…because I don’t speak the language. Well, I do, but not fluently. Funnily enough I have no problem with people who honestly don’t speak English and honestly wish to talk to me. It’s those who do speak English but really want to see me ‘perform’ their language for them as entertainment, and switch to this half-smile, “let’s see the monkey do her trick” patronizing, eye twinkling look on their face and switch from English and then practically pant, waiting to see how I’ll respond in their native tongue.
F*** off. I’m not a precocious child or a cat doing something adorable on YouTube, and I have no wish to be treated so condescendingly. If that’s the attitude, then I’d rather walk out of the room then turn tricks for people who are treating me like an oddity, even if they mean it warmly and positively…. I don’t want to be even a warmly regarded oddity. I just want to be me, and treated the same as I’m used to being treated in English.
My fiance’s mother doesn’t think it’s adorable when I respond to her in her language. That is SUCH a relief. With her, there isn’t an alternative, and she genuinely wishes to talk to me, and there’s no ‘performance’ feeling about it, she would just really like to talk to me. I can’t resist that, plus she never acts confused if I make a grammar mistake or has any trouble understanding my version of her language. It’s almost like there isn’t a language barrier. If I struggle to find the right word, I don’t get flustered or embarrassed around her, because I’m not performing. I’m not on stage, with her. Or people like her, who are usually older, or for whatever reason have no English skills to speak of. They are so apologetic of being in the small minority in the western world who doesn’t have functional English language skills, that they would never look down on me or giggle or condescend to me for not being fluent in their language which is spoken by a relatively small group of people on the planet.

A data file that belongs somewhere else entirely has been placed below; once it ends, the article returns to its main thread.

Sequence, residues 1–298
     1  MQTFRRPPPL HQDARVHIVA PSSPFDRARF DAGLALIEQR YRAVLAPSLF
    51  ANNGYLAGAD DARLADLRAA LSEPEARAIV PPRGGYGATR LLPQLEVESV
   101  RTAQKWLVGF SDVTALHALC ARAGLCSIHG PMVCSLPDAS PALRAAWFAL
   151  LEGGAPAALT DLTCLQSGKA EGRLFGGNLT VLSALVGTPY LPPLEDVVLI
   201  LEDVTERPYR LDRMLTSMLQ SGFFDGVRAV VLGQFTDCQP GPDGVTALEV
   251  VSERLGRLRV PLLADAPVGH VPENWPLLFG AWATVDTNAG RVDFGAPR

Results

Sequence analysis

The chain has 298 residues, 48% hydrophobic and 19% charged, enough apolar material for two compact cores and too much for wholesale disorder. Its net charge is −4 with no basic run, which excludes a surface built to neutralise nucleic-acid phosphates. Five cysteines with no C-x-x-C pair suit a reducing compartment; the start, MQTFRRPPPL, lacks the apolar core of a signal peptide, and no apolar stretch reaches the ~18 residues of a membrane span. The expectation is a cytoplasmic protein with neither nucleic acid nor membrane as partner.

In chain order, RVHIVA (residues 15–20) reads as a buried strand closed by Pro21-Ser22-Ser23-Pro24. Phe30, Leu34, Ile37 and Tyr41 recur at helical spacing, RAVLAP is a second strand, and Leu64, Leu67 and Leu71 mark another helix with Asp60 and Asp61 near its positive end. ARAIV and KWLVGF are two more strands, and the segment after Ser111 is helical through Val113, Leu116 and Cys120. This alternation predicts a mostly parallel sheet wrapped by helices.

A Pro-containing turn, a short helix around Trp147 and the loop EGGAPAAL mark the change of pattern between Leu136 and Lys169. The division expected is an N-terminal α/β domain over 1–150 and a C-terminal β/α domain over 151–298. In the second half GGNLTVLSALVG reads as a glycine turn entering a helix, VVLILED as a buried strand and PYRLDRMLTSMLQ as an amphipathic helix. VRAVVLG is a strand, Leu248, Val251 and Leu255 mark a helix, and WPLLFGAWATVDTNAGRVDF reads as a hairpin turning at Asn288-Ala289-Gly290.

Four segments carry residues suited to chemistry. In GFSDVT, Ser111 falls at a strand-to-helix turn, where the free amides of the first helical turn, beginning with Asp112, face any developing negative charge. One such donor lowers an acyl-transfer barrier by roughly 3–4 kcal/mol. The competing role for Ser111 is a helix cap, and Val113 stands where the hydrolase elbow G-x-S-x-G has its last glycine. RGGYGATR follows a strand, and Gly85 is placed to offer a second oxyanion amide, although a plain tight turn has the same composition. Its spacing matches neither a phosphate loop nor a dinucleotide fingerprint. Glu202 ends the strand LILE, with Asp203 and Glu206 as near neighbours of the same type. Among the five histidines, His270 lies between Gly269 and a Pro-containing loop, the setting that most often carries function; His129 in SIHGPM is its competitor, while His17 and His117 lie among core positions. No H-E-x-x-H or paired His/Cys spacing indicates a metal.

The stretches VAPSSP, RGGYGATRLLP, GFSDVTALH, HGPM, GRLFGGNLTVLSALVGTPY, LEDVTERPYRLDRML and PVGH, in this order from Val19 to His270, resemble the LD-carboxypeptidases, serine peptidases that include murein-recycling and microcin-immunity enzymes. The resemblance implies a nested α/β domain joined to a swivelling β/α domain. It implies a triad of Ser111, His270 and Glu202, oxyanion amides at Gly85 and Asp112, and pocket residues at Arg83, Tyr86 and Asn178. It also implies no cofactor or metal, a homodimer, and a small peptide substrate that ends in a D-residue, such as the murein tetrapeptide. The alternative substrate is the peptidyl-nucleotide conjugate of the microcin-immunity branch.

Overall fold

I need to be more in situations with people who don’t speak English, so I can just practice the darned local language without reservation or irritation. The majority of people in my generation are simply so good at English that it’s too easy to be lazy and it’s too easy for me to get tongue-tied at embarrassing myself in their language when the option to switch to English, a language that fluently works bilaterally, is there and irresistible.